For Adrian Nader, an accomplished educator and writer, there is no place like The Atrium Assisted Living. The Ohio native's days are filled with group word games, Wii bowling, and horseracing as well as enjoying gourmet meals with his neighbors. Mr. Nader also shares his experiences as a World War II and Korean War veteran, who served in the U.S. Navy as a Lt. Commander in the Naval Reserve as a communication specialist, and passion for poetry, from nursery rhymes to literary classics.
“The Atrium Assisted Living is a very nice place to call home and the people, from my fellow residents to the staff, are all so very nice,” he says.
With a song always in her heart, Virginia Carrick is busy from morning until night, often sharing her love of music at The Atrium Assisted Living. The former teacher, who taught history, English, Latin and music at Allendale Middle School and Midland Park Middle School, also enjoys seeing many familiar faces at the senior campus.
“I have had the opportunity to reconnect with the parents of former students and even a former student herself, who is now one of my neighbors,” she says.
Mrs. Carrick can often be found playing the piano during Sunday church service and other celebrations. She also participates in word or trivia games, Wii bowling, knitting, arts and crafts, and book club discussions. Always willing to try new things, she learned how to play bridge and Mah-Jong, and now regularly joins her fellow residents for Shanghai Rummy and other games.
“I consider every person at The Atrium a friend of mine,” said Mrs. Carrick. “We're one big family, always helping each other. I couldn't be happier.”
Learle Van Emburg
Residing at The Atrium Assisted Living has helped Learle Van Emburg fulfill her goals for retirement - to maintain familial ties while volunteering. A retired social worker who worked in the psychiatric field, she always had a strong bond with The Allendale Community for Mature Living, where both her late mother and late husband had been residents.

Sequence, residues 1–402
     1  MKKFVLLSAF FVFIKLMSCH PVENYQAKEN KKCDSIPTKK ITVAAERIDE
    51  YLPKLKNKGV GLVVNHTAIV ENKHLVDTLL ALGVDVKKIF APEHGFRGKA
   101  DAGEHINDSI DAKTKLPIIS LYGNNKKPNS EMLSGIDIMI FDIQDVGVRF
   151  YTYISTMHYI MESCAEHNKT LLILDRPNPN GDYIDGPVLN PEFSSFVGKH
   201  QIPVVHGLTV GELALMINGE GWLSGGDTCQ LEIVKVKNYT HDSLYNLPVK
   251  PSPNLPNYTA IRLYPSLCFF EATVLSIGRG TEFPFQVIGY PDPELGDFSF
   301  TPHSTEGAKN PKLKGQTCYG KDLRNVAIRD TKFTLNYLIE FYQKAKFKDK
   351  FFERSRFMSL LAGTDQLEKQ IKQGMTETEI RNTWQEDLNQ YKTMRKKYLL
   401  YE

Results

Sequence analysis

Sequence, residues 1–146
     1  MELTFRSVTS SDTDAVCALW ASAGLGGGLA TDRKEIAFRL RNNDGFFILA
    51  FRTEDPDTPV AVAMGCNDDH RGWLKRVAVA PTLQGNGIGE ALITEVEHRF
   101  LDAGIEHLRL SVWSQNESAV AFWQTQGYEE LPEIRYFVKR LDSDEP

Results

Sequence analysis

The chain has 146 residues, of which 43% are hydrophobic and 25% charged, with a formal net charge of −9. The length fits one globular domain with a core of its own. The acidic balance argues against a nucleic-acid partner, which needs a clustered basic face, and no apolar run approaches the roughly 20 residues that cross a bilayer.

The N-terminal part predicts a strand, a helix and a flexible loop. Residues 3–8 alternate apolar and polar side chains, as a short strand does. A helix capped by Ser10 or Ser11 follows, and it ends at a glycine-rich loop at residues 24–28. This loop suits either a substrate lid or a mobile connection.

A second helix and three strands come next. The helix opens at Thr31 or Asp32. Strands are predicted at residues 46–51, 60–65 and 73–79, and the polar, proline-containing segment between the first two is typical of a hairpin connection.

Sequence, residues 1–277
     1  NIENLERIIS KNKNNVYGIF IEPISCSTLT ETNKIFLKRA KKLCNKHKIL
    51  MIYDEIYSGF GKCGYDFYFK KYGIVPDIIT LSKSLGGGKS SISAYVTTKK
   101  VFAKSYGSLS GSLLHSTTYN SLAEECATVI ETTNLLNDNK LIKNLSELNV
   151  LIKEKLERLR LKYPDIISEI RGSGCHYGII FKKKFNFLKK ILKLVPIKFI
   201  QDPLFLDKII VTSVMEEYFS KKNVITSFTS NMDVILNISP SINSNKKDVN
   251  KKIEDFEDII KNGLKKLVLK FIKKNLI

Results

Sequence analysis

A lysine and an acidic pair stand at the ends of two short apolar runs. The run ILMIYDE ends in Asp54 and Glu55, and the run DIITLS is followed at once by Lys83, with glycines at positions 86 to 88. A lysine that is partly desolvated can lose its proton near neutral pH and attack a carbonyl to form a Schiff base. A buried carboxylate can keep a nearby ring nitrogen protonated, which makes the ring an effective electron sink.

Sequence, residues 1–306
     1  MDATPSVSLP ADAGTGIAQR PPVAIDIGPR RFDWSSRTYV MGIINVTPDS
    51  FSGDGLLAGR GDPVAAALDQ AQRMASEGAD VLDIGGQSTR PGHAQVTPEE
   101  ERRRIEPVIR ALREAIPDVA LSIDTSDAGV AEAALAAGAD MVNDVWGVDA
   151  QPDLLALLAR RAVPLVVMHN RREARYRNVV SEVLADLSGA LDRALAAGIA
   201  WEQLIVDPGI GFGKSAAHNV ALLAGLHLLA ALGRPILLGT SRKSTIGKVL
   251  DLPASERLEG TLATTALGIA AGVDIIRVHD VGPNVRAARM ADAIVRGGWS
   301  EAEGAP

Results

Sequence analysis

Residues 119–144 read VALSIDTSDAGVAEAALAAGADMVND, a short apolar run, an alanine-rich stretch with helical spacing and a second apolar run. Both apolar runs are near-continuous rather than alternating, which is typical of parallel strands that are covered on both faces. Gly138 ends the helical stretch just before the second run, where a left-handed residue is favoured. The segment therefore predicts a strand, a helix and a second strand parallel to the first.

“I am extremely fortunate to have the opportunity to fulfill my goals, while using my talents and being challenged to do new things,” she says. “Each person has unique qualities and views and I enjoy being a part of their lives, and them being a part of mine.”
A former Christian educator, Mrs. Van Emburg hosts a weekly prayer group and is the caller and voice of all things bingo at The Atrium. She also started T.G.I.F., a discussion group celebrating all of the good things that happen each week and enjoys sharing her extensive doll collection with a Victorian-era holiday display.
Mrs. Van Emburg adds, “Much like me, when my daughter visits, she feels like this is her extended family too.”
While Bronx-native Gerri Thomson has called The Atrium Assisted Living home since 2008, her ties to the community extend even further back. A former member of the Senior Social Club for several years, she decided to move to The Atrium to be among friends each and every day.
“Over time, I began to feel as if The Atrium was my home away from home,” she said. “Now, I really feel like I am part of a bigger community.”
Married for 29 years, this vivacious mother of two and grandmother of two is quite active. “The programs keep my mind active and I enjoy the wonderful trips and excellent food,” she added.
In addition to establishing her ties to The Allendale Community as a club member, Mrs. Thomson was a Short-Term Respite Stay guest on several occasions. “Whenever I came there, I felt that I was in a first-class hotel. I still do.”
Hilda and Andrew Persich
Residents and staff members at Carlton Court, a memory-care neighborhood, often joke that Hilda and Andrew Persich have the “honeymoon suite.” Married for 68 years, the couple shares a beautiful love story and fulfilling days.
Hilda, who is an accomplished oil painter, and Andrew, a car aficionado, enjoy spending time in their spacious apartment, decorated with family pictures and paintings as well as favorite furnishings from their homes in Ridgefield Park and Waldwick. They also look forward to dining with their neighbors, participating in current events discussions and completing 1,000+-piece jigsaw puzzles.
“We like to keep our hands and minds busy,” said Mrs. Persich. “It is how we have always lived our lives and we are grateful we are encouraged to do so here at Carlton Court.”
Leading by example is what Harold Walter does. Although he was stricken by a stroke in 2011, he has made great strides in his recovery and, in so doing, has become a leader at The Allendale Nursing Home & Rehabilitation Center. As President of the Resident Council, he serves as a valuable liaison between his neighbors and the administration.
“I accepted the position because I wanted to help make a difference,” he says. “The stroke may have hampered my movement, but it did not hamper my speech or ability to think. I want to contribute as much as possible to this great place I now call home.”
In addition to representing his peers, Mr. Walter enjoys the Nursing Home's array of planned therapeutic activities, including trivia games and bowling. “I am busy and highly fortunate to be surrounded by such a caring and supportive staff.”Go back to the top of the page